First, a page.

Translation:My last name is Li, and yours?
In English, you can use 'name' for either first or last name. "My name is Li, and you?" should be accepted.
Think of the classic example: "My name is Bond, James Bond." He does not need to say "My last name is Bond, and my full name is James Bond"!
The reason they probably won't accept that is because 性 can only mean last name, where as "name" could be either.
That argument makes no sense. You're saying "name" can mean last name, and 性 does mean last name, so therefore it shouldn't be accepted? What?
There's a reason it's translated like that. 姓 as a verb literally means "to be surnamed".
Therefore it's only reasonable they would only accept an unambiguous answer! For instance, in English "brother" can mean either younger or older, but they shouldn't accept "brother" as valid answer for 哥哥 because that doesn't help you associate 哥哥 with "older brother"!
Translating 姓 to "name", though possibly correct, doesn't help you associate 姓 with surname!
I don't understand the mindset of most comments here, it's a language course, not a translation course, and people seem to don't get it!
I would say 'name' could either refer to first name or, as your example, first and last. But not last by itself.
Yes, 名字 can refer to 名 (first name) or 姓名 (full name), but not 姓 (surname).
So because of its tonality, questions in Chinese don't do up in pitch at the end? At least that's what it sounds like (and it makes sense, since each word has its own intonation) Am I right?
No, we usually do. The pitch is just near unnoticeable in the audio, and you can see the question marker 呢 (ne) sound like né. The intonation can convey the mood of the speaker. In this case it feels soft and gentle. Quite often it is pronounced like nē (or with higher tone).
Not really. That's not a Chinese thing to do. Each word has its own tone, and if you ended a question with a high pitch, it might change the meaning of the sentence altogether.
We are not going to master Chinese if we spend too much of our Duo time discussing these matters instead of trying to get to the next level. I am fascinated with the arguments and explanations, but I think the more time we devote to studying the better. And perhaps paying attention to detail and accepting that language is an arbitrary conventional thing. I must admit that I have been held up by spending time looking at comments. I want to bring all my language levels up faster than I am achieving that now. But I must say that it is nice to see how everyone thinks and how things are explained, etc, and often enlightening.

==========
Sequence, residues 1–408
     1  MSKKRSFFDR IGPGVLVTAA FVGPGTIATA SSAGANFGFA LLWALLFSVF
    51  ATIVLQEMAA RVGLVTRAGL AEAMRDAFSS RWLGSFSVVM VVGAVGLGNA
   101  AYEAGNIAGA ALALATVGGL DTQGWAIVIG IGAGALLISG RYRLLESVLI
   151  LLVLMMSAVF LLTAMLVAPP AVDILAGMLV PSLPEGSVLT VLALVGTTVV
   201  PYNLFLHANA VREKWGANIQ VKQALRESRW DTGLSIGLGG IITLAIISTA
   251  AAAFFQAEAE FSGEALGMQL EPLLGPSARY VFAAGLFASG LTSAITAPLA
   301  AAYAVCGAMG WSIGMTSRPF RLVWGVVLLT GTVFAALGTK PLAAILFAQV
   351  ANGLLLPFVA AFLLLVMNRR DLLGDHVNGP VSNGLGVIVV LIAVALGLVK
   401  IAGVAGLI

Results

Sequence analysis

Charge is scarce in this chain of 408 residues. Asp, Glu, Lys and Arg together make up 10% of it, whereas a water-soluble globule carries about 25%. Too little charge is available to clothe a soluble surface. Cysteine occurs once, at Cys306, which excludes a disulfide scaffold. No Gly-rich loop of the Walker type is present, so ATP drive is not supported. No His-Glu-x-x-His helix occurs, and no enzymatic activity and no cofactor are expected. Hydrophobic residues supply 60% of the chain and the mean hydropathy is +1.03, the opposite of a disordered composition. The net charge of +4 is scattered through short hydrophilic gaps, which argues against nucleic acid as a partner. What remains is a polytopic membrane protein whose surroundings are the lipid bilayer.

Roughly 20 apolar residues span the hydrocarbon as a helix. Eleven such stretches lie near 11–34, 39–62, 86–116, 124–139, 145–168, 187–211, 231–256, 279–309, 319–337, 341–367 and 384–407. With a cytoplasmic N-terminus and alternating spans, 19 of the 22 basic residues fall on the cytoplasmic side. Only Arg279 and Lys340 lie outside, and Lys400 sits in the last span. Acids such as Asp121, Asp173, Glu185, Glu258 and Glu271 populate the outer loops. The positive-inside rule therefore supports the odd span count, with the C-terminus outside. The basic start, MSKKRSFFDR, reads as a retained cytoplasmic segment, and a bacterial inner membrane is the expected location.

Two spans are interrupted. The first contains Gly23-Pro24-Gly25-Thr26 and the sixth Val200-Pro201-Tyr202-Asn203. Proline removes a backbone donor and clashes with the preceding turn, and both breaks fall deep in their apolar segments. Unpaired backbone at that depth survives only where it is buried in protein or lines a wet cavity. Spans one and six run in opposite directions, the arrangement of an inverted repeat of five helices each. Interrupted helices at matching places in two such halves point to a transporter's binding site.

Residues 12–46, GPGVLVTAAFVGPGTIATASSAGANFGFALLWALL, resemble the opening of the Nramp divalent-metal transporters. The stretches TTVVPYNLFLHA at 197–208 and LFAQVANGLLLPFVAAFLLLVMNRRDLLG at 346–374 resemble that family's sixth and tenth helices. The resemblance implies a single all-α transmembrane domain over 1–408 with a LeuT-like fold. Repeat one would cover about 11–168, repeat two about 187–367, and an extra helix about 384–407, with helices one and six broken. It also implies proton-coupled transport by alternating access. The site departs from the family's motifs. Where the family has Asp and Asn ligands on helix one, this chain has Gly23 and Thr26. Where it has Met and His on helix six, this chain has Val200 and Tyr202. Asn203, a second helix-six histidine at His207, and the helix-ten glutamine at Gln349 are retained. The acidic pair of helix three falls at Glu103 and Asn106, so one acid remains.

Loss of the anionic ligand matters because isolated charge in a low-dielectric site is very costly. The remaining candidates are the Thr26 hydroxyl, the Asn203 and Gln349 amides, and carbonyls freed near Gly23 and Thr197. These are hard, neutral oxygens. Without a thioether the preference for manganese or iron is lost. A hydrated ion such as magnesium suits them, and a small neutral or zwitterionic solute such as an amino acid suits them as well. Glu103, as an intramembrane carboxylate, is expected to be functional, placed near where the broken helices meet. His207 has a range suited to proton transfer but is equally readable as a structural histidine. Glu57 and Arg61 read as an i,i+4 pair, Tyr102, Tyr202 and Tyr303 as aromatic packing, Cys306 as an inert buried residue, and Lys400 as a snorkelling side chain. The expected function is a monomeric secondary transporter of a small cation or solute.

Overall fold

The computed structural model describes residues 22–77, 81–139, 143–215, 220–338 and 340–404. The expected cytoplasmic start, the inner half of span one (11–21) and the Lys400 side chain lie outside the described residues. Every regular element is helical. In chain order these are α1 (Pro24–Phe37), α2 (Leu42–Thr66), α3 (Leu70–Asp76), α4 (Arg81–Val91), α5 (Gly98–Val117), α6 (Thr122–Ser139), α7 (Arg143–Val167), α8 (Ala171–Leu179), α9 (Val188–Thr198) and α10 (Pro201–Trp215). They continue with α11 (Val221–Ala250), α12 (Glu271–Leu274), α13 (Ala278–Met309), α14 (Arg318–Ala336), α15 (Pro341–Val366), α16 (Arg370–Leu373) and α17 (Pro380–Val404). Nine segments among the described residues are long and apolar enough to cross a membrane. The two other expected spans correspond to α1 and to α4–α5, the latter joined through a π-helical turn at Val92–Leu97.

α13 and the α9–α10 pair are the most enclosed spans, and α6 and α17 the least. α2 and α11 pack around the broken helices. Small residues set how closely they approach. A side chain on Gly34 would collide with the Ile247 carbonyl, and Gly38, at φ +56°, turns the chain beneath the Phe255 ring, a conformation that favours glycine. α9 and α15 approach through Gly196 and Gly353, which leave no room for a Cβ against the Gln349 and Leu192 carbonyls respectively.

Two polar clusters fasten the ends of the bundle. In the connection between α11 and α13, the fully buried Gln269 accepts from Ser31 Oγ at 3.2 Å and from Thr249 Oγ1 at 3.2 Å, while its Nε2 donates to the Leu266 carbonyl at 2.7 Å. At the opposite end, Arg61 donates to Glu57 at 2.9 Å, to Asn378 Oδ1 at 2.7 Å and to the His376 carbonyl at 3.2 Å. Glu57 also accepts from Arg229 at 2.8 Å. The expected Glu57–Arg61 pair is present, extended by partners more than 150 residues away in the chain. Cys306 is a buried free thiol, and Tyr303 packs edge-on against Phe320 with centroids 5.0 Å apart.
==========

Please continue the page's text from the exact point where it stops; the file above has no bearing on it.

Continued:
"I'm surnamed Li" should be accepted, since "surnamed" can act as a past participle verb in English, much like "I'm named Ken, after my father" would work. https://en.wiktionary.org/wiki/surnamed The following are several answers I've submitted on questions like these:
"My last name is Li" = 18 characters [accepted answer, not very concise]; "My surname's Li" = 15 characters [accepted answer, but says "you missed a space" since the "'s" on surname is thought to have been a typo of "surname is" -- although contracting nouns in this way is grammatically correct]; "I'm surnamed Li" = 15 characters [marked incorrect]
Sorry to bore folks with the details -- I just thought it could be useful to Duolingo staff.
I agree. However, it is not commonly used, and in this course even some commonly used variations are not accepted as of now.
This is newbie question, but I thought that "my" in Mandarin was "wǒ" followed by the possessive "de" as in "wǒ de péngyǒu", my friend.
This lesson makes it seem like wǒ alone can also mean "my". Can someone help me to understand when wǒ should be used, and when "wǒ de" should be used?